If Cond((&Counter / 2) *EQ 2) Then( +       

              RtnSubr RtnVal(1))                      

           CallSubr Subr(DspResults)                 

EndSubr                                             

                                                    

Subr       Subr(DspResults)                         

           ChgVar Var(&CounterChr) Value(&Counter)  

           SndUsrMsg Msg(&CounterChr) MsgType(*Info)

EndSubr                                             

EndPgm                                              

 

In this example program, there are two subroutines defined. One subroutine, DoCalcs, simply adds 1 to the &Counter variable, calls the DspResults subroutine to display the value of &Counter, and checks to see if dividing &Counter by 2 results in a value of 2. If the result is 2, DoCalcs immediately exits back to the caller, using RTNSUBR, with a return value of 1. If the result is not 2, DoCalcs again calls the subroutine DspResults to display the value of &Counter and then returns to the caller using ENDSUBR with a return value of 0. The default RTNVAL value, for both ENDSUBR and RTNSUBR, is 0, so we did not need to explicitly code RTNVAL(0) on the ENDSUBR command.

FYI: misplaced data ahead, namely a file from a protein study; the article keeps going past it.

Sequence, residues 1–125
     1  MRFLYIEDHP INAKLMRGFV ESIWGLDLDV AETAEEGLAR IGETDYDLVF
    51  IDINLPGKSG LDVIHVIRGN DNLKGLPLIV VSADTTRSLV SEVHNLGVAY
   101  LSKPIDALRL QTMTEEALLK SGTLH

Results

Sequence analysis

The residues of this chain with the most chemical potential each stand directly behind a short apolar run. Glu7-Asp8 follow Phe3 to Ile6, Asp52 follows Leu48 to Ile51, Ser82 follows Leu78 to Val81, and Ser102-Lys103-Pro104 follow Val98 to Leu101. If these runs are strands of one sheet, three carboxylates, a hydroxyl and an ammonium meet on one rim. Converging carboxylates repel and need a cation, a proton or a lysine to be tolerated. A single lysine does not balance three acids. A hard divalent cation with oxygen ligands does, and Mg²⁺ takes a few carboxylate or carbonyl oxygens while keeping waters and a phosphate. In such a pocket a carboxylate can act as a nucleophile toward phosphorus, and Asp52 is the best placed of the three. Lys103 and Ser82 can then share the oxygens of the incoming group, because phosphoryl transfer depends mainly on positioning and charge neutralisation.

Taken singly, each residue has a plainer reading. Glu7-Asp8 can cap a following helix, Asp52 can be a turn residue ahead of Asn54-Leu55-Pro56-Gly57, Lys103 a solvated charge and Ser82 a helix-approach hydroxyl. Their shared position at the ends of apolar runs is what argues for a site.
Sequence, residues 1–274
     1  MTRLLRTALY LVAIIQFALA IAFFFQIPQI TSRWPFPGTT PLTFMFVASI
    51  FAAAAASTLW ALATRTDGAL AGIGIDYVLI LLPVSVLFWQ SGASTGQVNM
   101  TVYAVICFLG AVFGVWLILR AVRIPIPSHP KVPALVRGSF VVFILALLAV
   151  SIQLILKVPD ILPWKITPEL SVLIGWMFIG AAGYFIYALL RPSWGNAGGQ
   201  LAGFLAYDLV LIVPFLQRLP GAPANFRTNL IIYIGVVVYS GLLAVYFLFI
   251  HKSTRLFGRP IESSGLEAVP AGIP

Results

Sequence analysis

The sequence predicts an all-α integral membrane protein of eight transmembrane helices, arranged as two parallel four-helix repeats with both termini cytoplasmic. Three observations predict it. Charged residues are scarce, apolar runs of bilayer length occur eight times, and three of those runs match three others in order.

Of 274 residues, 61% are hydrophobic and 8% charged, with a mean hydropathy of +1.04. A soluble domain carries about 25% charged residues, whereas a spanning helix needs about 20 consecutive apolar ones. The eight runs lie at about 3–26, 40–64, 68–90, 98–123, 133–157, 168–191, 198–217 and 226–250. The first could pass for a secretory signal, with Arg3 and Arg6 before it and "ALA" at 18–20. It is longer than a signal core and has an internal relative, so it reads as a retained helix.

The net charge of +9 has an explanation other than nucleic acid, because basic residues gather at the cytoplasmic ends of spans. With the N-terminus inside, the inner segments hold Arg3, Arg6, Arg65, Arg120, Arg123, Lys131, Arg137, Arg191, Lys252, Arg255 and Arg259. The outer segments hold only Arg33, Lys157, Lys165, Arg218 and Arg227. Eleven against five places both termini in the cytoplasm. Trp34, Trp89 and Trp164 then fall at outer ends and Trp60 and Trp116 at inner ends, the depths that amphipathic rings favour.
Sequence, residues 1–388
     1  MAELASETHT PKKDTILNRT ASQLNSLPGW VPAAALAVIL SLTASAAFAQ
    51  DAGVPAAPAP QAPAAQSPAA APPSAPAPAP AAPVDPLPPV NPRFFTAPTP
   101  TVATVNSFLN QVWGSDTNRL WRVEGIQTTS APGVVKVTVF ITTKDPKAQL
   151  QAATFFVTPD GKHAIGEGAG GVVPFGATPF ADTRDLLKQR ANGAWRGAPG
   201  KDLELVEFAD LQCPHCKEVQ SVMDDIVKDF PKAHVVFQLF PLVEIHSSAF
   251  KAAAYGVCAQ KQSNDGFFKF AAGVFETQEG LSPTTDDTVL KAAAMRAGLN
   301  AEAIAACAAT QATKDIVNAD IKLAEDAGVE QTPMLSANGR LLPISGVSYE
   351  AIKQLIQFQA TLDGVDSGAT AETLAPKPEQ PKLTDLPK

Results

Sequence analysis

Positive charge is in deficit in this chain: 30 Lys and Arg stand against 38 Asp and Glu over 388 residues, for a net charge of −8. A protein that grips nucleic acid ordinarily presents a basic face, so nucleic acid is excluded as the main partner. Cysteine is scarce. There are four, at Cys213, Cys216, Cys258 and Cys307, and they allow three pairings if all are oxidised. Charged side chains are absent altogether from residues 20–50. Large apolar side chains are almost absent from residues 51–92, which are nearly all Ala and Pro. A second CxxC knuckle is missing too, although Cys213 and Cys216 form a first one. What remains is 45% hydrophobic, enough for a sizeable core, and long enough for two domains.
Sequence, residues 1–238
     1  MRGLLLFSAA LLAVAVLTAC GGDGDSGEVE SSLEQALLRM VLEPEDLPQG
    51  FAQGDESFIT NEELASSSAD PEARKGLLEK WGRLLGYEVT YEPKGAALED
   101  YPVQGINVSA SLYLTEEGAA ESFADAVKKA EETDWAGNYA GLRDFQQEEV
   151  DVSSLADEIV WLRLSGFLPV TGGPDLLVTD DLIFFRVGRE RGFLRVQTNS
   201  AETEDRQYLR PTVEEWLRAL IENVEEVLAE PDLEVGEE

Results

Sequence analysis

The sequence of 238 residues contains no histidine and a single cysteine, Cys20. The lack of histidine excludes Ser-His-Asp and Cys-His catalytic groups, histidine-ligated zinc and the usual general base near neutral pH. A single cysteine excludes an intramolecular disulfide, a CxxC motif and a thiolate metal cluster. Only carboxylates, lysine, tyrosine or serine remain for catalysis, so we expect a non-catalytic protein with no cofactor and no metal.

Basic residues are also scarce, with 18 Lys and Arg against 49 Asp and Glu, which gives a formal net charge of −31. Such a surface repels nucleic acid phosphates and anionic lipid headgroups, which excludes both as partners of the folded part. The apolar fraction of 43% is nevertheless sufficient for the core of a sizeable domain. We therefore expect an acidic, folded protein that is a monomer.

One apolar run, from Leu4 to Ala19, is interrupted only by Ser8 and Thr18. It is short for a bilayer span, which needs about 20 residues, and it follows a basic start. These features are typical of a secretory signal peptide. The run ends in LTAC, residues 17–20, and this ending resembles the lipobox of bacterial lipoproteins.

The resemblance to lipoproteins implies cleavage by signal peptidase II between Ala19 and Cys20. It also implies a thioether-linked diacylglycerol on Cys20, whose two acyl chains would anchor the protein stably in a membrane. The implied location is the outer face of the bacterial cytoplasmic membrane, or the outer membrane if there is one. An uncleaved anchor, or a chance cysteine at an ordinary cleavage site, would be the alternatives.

The program itself starts off with a DOUNTIL loop conditioned by CL variable &Exit not being set to the value of 1. Within the DOUNTIL command group, the program calls the DoCalcs subroutine, identifying CL variable &Exit as the variable to receive any return value from the DoCalcs subroutine. When DoCalcs returns a value of 1, using the RTNSUBR command, the DOUNTIL command group is exited. &Exit is defined as a 4-byte integer variable, which is the required definition for subroutine return value parameters.

 

Different RTNVAL variables can be identified with the CALLSUBR command. So, while not shown in the sample program, you could at one point in the program CALLSUBR SUBR(DoCalcs) RTNVAL(&Exit) and at another point in the program CALLSUBR SUBR(DoCalcs) RTNVAL(&Y). This ability to explicitly define a return variable, external to the subroutine, can be quite useful when calling a subroutine from multiple locations within a program and not wanting to worry about saving and restoring status information across the various callers. You can also use CL variables as RTNVAL arguments with the ENDSUBR and RTNSUBR commands, so literal values such as the '1' used in the example are not required.